Hypertension is thought to affect both the vasculature and tubulo-interstitial components of the kidney, resulting in ischaemic damage from arterial narrowing. The end result is loss of nephron mass, and atrophy and fibrosis of the tubules and interstitium.

Older age is a key predictor of CKD. Healthy ageing is associated with structural changes in the kidney and a decrease in glomerular filtration rate (GFR).[23] Typically the GFR declines by 0.75 mL/minute/1.73 m² per year in healthy ageing, but urine albumin excretion does not change, thus, the increase in the prevalence of criteria-defined CKD in healthy older adults is due more to a GFR decline than to increasing albuminuria and has a much lower risk of progression to end-stage renal disease.[23] However, increasing age is associated with an increased likelihood of comorbid conditions that are risk factors for CKD, such as diabetes, hypertension, and cardiovascular disease.[24]

A history of childhood kidney disease is a risk factor for adult CKD and end-stage renal disease (ESRD). Children with a medical history of congenital anomalies, glomerular disease, or pyelonephritis with normal kidney function and blood pressure have a four-fold increased risk for ESRD as compared to children without kidney disease.[25]

Smoking has been associated as a risk factor for the development and progression of the disease, probably because of accelerated atherosclerosis and vascular disease, as well as exacerbating underlying hypertension.[26][27]

Obesity is an associated risk factor.[28] It may contribute to the development of diabetes, exacerbate poor control of hypertension, contribute to renal ischaemia and hypertension with associated sleep apnoea, and cause glomerular strain with hypertrophy and glomerulosclerosis.[29]

Black or Hispanic people are at higher risk than white people.[9][30] The mechanism is not known, but is thought to be due in part to a higher incidence of diseases such as diabetes and hypertension in these populations. Additionally, in black and Hispanic populations, genetic factors such as apolipoprotein L1 risk variants increase the risk for non-diabetic kidney disease.[31]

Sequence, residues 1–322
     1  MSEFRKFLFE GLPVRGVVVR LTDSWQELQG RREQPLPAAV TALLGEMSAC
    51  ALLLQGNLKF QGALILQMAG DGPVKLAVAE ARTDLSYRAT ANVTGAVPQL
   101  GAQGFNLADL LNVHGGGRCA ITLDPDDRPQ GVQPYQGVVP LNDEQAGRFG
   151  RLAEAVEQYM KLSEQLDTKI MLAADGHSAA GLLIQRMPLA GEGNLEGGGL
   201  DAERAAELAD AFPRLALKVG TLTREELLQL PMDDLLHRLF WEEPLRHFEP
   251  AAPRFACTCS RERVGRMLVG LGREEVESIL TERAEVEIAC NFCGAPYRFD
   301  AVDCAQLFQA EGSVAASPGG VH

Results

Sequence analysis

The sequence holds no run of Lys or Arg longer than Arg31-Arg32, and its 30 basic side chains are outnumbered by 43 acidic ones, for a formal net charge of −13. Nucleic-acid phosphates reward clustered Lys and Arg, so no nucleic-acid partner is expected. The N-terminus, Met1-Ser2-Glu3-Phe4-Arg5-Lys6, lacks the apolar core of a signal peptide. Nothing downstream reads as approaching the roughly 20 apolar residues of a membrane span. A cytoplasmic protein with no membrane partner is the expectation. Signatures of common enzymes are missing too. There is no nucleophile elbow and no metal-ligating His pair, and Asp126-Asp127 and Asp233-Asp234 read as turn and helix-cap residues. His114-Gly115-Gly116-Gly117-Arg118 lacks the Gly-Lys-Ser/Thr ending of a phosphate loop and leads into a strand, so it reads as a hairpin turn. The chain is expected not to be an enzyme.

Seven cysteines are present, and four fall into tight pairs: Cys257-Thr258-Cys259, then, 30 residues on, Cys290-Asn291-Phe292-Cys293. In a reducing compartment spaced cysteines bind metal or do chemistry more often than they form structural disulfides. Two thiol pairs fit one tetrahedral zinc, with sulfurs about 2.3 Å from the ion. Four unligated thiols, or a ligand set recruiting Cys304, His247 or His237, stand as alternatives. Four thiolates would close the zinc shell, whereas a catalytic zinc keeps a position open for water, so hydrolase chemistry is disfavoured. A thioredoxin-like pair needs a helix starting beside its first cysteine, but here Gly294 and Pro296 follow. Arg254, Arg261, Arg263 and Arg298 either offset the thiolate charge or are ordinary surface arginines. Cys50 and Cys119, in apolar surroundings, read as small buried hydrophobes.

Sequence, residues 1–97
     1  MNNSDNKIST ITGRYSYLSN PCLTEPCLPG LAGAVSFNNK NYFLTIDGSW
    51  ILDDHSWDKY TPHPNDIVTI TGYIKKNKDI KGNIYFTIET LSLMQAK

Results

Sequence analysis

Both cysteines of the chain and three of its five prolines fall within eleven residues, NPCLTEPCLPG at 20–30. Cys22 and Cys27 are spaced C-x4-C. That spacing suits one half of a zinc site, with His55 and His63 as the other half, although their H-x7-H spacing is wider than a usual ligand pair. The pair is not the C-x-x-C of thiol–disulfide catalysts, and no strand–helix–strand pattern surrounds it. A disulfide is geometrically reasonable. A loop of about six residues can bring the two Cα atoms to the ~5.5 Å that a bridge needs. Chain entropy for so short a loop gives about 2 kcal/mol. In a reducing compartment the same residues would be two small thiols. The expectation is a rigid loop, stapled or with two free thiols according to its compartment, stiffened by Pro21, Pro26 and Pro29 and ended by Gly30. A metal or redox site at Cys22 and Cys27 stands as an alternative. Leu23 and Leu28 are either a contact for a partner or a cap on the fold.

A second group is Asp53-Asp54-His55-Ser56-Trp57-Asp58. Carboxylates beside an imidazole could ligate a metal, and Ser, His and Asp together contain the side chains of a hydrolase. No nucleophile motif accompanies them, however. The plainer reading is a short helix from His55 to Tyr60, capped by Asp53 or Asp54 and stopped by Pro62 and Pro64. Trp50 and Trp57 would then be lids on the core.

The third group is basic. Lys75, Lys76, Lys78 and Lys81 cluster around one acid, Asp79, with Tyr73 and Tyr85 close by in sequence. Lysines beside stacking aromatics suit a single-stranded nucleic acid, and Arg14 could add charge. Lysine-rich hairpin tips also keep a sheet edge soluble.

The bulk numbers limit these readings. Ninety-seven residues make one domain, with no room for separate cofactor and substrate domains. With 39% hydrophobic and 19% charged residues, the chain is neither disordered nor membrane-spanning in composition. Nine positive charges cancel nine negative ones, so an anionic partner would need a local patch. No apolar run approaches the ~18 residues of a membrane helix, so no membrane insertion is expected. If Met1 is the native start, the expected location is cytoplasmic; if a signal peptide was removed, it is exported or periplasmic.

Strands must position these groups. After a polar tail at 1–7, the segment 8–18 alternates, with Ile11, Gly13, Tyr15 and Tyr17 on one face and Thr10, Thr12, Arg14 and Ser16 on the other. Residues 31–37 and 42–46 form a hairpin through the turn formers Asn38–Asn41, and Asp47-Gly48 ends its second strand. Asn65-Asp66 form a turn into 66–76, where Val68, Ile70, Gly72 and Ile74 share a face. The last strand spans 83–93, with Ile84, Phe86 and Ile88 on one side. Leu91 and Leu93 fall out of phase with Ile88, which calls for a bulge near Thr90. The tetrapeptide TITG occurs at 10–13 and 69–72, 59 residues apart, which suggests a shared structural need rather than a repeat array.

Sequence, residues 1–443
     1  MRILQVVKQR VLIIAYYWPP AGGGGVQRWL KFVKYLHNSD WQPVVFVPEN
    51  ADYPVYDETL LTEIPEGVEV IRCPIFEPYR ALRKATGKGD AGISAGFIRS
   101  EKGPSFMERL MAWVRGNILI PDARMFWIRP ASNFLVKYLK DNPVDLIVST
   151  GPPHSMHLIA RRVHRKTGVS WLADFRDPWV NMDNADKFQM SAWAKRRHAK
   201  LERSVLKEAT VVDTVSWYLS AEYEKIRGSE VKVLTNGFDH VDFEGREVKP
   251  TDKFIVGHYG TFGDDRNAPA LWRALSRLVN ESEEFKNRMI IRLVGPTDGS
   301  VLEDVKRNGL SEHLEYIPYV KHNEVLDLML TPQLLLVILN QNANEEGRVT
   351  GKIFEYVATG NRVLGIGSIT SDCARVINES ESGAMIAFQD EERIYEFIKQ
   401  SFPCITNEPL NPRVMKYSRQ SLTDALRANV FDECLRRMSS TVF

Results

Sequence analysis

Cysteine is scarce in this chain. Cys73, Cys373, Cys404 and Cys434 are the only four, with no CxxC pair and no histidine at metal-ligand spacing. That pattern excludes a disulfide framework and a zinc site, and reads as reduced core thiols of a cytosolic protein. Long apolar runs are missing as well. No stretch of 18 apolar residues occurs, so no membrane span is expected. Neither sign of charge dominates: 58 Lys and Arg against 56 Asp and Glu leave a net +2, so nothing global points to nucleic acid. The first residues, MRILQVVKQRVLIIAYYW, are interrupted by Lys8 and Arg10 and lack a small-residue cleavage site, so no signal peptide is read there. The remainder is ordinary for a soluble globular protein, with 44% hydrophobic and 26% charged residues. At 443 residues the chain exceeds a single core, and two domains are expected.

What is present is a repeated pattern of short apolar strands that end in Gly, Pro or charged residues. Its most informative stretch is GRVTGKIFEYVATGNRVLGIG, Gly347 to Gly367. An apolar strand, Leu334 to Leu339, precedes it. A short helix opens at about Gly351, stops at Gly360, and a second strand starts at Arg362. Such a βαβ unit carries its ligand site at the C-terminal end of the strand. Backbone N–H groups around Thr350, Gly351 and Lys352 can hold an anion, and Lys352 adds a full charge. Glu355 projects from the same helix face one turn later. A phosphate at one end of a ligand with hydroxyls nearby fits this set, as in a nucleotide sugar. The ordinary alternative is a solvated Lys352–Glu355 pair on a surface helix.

People with a close family member with the disease are at a higher risk themselves of developing CKD.[10][16] The mechanism is thought to be due in part to genetic susceptibility to certain disease states, such as diabetes, hypertension, polycystic kidney disease, Alport syndrome, and possibly glomerular syndromes, such as IgA nephropathy and focal segmental glomerulosclerosis.

Autoimmune disorders such as systemic lupus erythematosus, rheumatoid arthritis, sarcoidosis, and Sjogren syndrome may cause glomerular or tubulo-interstitial CKD.[32][33]

Men are at a higher risk of CKD progression than women.[34]

The mechanism of renal injury is not known but is thought to be related to differences in sex hormones and the differential effect of sex on lifestyle and traditional risk factors.[34]

Long-term use of anti-inflammatory analgesics for rheumatological disorders and pain control have been associated with the development of CKD.[35][36] Non-steroidal anti-inflammatory drugs, and previously phenacetin, have been described as causing analgesic nephropathy.

There is an expected increase in uric acid levels with advancing CKD. Literature also discusses uric acid as a contributory factor to CKD worsening.[37][38][39] However, trials of urate-lowering treatment did not result in clinically meaningful benefits to kidney outcomes.[40][41]